February 26, 2010

Physician work hours linked to reduced fees

Physician work hours linked to reduced fees

Physicians have steadily decreased their work hours over the past several years as both commercial and government health care payers have sharply reduced the fees they've offered for physician services.

That's the lead finding in a report published this week in the Journal of the American Medical Association (JAMA) by a three-author team that includes Vanderbilt's Peter Buerhaus, Ph.D., R.N., director of the Center for Interdisciplinary Health Workforce Studies at the Institute for Medicine and Public Health.

News of the strong association between decreased work hours and reduced fees might give pause to policymakers in Washington, D.C., as they contemplate a looming U.S. physician shortage and scheduled reductions in Medicare spending for physician services.

Peter Buerhaus, Ph.D., R.N.

Peter Buerhaus, Ph.D., R.N.

“We think the fees are clearly part of the explanation for the decreased work hours. The two trends are marching together and are quite probably related,” Buerhaus said.

Joining Buerhaus for the report were David Auerbach, of the Congressional Budget Office, and Dartmouth University's Douglas Staiger, the report's lead author.

Sorting through federal survey data, the JAMA authors found that physicians maintained steady work hours from 1976 through 1995, averaging approximately 55 hours per week. But from 1996-98 to 2006-08 — the report uses three-year moving averages — physicians cut back weekly hours from 54.9 to 51 hours, a 7.2 percent decrease.

During the same period, physician fees dropped 25 percent (after adjustment for inflation), as reflected by fee schedules used by both government payers and representative commercial payers.

“The rate of the fee decrease may surprise many people. We've heard doctors complaining about fees for some time now, but we hadn't previously tracked the change for physicians overall,” Buerhaus said.

The authors state that weekly hours for the rest of the U.S. workforce changed comparatively little over the same period. Attorneys cut back their hours by 2.4 percent and engineers cut back by 1.4 percent, while nurses increased their hours by 1.6 percent.

Weekly hours worked by resident physicians decreased the most, from 65.7 to 59.3 hours, a 9.8 percent drop that the authors attribute to the imposition in 2003 of limits on resident work hours.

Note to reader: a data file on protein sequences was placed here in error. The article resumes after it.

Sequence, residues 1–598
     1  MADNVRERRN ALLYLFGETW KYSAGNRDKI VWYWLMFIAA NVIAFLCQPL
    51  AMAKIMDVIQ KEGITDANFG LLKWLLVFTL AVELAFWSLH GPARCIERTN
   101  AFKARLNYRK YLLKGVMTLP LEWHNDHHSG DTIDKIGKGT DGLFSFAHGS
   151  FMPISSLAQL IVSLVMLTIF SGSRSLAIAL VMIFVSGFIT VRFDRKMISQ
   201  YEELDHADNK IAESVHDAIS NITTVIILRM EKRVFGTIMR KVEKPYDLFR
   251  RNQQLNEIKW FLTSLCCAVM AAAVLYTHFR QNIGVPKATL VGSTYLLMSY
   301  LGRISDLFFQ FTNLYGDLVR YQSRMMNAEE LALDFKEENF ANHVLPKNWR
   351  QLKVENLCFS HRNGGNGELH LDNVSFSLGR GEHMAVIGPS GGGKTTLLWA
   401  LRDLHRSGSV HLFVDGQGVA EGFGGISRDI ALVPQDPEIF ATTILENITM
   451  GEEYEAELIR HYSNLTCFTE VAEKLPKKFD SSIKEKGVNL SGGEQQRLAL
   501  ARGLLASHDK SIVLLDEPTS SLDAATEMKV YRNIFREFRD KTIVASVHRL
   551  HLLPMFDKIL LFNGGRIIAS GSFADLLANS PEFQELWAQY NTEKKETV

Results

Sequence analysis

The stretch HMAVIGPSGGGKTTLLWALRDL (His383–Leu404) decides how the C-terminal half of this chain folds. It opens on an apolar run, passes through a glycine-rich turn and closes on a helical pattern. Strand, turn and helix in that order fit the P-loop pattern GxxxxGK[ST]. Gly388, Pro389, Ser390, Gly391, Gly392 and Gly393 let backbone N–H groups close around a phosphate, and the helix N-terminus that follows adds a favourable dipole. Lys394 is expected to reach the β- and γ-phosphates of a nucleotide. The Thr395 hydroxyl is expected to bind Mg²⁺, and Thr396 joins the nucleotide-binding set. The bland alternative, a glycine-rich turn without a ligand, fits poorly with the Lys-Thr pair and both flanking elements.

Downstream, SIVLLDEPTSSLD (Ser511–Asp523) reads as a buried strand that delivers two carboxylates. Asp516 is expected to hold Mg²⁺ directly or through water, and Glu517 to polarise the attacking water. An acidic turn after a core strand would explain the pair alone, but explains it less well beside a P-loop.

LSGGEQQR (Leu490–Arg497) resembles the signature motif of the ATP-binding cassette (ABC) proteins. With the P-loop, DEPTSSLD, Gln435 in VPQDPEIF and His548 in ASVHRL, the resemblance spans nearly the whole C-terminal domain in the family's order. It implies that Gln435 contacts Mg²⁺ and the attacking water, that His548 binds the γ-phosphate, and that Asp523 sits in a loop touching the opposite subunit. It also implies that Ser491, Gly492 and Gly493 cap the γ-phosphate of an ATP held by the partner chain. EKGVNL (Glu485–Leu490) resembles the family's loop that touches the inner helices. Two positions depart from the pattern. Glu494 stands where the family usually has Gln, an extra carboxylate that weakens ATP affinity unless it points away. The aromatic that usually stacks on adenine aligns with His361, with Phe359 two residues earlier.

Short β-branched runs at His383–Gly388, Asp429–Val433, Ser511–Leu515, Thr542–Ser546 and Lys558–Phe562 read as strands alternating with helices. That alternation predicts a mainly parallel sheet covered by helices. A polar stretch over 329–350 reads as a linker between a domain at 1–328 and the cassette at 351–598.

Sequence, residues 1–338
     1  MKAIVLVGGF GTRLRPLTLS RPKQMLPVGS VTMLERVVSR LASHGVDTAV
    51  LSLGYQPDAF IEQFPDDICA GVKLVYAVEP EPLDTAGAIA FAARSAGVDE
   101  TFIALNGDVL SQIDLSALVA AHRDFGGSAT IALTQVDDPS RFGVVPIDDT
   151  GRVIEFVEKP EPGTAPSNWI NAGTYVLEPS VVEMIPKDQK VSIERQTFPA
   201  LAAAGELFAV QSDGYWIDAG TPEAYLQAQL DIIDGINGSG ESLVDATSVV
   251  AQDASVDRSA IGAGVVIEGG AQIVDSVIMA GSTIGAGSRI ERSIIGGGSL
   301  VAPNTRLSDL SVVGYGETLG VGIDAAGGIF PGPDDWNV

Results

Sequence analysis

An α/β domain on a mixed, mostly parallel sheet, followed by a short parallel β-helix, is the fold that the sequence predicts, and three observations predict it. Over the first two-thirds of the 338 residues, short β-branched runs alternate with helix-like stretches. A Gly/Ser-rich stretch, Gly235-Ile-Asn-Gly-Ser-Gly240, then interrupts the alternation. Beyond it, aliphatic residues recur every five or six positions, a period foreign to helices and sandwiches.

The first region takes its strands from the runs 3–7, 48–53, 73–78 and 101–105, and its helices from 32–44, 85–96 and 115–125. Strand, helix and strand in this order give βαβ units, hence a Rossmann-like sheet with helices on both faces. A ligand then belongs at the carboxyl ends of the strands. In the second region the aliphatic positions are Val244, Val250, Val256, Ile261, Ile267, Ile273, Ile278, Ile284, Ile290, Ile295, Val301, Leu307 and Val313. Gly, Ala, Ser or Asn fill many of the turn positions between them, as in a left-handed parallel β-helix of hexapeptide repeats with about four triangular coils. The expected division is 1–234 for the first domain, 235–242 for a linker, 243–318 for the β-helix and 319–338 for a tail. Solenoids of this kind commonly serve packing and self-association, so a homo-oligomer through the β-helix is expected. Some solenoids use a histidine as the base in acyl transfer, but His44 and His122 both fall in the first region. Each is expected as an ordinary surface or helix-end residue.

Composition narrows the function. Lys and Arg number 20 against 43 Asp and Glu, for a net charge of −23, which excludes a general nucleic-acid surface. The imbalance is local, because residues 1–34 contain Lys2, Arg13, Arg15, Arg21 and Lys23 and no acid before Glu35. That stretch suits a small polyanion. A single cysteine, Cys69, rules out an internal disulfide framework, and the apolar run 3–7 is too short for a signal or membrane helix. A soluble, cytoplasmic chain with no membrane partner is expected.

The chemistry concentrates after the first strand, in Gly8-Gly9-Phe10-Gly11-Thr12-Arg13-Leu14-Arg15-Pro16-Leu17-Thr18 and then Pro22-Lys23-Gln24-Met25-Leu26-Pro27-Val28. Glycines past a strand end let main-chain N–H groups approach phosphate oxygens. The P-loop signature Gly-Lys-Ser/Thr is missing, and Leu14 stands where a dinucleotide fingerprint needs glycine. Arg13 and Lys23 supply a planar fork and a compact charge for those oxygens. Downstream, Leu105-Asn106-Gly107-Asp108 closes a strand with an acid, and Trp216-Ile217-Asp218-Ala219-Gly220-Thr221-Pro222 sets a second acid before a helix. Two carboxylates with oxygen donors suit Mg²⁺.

For non-resident physicians, the decrease was 5.7 percent, from 52.6 to 49.6 hours.

“What's so striking about this trend is that it applies across so many categories: physicians young and old, male and female, self-employed and non-self-employed,” Buerhaus said.

For one year, 2001, the authors also examined how fees and work hours varied across 319 metropolitan areas. They found that physicians working in cities where fees were below the median put in fewer hours (less than 49 hours per week) than physicians in cities where fees were above the median (more than 52 hours per week).

The JAMA report might well deepen expectations of a physician shortage. Demand for physician services will increase as baby boomers age and rates of chronic disease rise. Demand will likely also increase if more citizens are able to obtain health insurance coverage.

Buerhaus said workforce analysts agree that a shortage is coming, but it's been difficult to form firm estimates. Estimates place the current number of physicians working in the United States at between 600,000 and 650,000. Mainstream estimates of a shortage range from 49,000 within 10 years (Health Resources and Services Administration) to between 124,000 and 159,000 within 15 years (Association of American Medical Colleges).

While the association with fee decreases is very strong, the JAMA authors don't rule out other potential influences on physician work hours. In particular they note the rise of managed care in the 1990s, bringing decreased autonomy and lower satisfaction for physicians.

The authors were unable to source credible physician income data for use in their analysis. Buerhaus said further studies will be needed to address a range of unanswered questions about additional forces that may underlie the trend in physician work hours.